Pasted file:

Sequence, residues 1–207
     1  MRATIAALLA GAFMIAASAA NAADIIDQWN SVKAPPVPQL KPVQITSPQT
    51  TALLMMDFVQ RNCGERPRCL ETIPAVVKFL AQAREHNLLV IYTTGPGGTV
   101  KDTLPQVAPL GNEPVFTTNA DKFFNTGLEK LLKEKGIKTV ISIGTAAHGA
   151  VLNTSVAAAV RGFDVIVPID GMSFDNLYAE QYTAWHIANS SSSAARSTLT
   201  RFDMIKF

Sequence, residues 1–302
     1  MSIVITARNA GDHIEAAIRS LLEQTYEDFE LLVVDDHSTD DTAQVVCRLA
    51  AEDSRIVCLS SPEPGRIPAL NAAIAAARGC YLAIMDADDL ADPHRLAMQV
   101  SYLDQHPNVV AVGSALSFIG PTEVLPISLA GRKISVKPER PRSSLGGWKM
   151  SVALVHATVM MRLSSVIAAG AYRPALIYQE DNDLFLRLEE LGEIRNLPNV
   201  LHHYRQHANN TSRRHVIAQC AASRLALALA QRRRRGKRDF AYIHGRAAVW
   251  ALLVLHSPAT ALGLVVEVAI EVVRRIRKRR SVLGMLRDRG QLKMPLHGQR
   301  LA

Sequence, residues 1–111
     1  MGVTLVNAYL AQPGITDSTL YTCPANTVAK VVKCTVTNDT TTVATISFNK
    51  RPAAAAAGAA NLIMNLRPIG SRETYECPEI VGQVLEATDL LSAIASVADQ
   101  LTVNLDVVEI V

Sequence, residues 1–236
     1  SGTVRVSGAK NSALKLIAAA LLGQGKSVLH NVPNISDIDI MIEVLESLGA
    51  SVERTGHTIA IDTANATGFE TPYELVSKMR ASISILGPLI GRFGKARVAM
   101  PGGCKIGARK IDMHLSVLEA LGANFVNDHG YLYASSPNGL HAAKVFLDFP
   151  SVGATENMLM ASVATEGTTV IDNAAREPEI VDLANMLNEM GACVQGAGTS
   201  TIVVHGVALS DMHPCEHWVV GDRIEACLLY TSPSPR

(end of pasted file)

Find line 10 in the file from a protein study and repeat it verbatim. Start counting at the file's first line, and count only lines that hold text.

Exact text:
   101  SYLDQHPNVV AVGSALSFIG PTEVLPISLA GRKISVKPER PRSSLGGWKM